Mercedes-Benz’s recent acquisition of a 25-percent stake in Italian bike manufacturer MV Agusta will remain at that, so says Mercedes CEO Dieter Zetsche. Speaking at the 2015 North American International Auto Show, Zetsche shot down rumors that Mercedes was trying to acquire more of MV Agusta’s private stock. As far as the German automaker is concerned, what it bought for a reported €30 million back in October 2014 was enough to its liking.

According to Zetsche, Mercedes’ purchase of MV Agusta shares was done more to create a collaborative cross-branding strategy between AMG and the bike brand since the two seem to complement each other quite nicely. However, the Mercedes CEO indicated that Mercedes won’t meddle in the affairs of MV Agusta because, in his own words, “MV Agusta can do it better than us.”

The strategy is a far cry from what Audi did when it purchased Ducati for $1.1 billion (or was it Lamborghini that actually bought it?), something Zetsche was also quick to point out. It’s also important to remember that Mercedes previously had a similar cross-marketing partnership with Ducati but when the latter was acquired by Audi, that experiment ultimately ended.

Mercedes wanted to avoid a repeat scenario so instead of just tying up with a bike brand for marketing purposes, the acquisition of the MV Agusta shares could spook out another automaker who may want to jump in with MV Agusta.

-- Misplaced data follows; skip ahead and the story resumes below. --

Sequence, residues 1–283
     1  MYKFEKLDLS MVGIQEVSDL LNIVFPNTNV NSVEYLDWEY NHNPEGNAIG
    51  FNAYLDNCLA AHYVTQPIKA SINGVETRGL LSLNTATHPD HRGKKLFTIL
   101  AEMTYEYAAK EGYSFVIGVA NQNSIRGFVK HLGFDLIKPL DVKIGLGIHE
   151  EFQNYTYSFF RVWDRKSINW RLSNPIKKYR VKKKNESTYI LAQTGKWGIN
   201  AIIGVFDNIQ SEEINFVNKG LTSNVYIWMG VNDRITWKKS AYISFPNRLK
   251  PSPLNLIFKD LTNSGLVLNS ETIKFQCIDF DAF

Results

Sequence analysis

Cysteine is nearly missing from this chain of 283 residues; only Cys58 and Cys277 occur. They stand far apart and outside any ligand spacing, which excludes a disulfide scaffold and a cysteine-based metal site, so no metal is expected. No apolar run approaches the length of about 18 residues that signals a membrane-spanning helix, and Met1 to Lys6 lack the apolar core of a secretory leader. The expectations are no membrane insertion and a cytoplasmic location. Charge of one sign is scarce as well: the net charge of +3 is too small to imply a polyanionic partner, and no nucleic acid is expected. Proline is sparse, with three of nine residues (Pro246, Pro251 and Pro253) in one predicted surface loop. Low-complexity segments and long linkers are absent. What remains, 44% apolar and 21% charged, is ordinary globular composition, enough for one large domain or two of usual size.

Just don’t look for Mercedes to follow in Audi’s footsteps and buys MV Agusta altogether. In Zetsche’s eyes, the current set-up works because it gives Mercedes access to MV Agusta’s technology while also keeping its distance to let the bike brand breathe and live on its own.

Click past the jump to read more about Mercedes’ acquisition of MV Agusta.

Why it matters

There are two ways to look at Zetsche’s comments. On one hand, MV Agusta will continue to operate as a majority-owned Italian brand. Believe it or not, that’s a kind of thing that brand enthusiasts take really seriously. Sure, Mercedes has a stake in the company but ultimately, MV Agusta is still responsible for its own name. That’s a win for loyalists who want the company to stick to its own roots.

On the flip side, a complete turnover to Mercedes would’ve given MV Agusta the complete financial stability it still lacks, despite the German automaker’s stock purchase and the recent investments made by SACE and BPM. The bike brand still has a long way to go to establish itself as a mainstream brand, which is something that would’ve been made easier if it were part of the Daimler umbrella. But since the deal was struck the way it was, MV Agusta will have to work to prove itself to bring a better future for the company.

As far as Mercedes goes, it’s worth noting that the rumored price of the acquisition is a little dent to its own finances. It’s a good place to be in, especially if MV Agusta can rise up and become a major player in the bike industry. If it doesn’t pan out, Merc doesn’t stand to lose a whole lot in the big picture.

So the ball’s in your court, MV Agusta. Let’s see how you can handle it.

Source: Motociclismo

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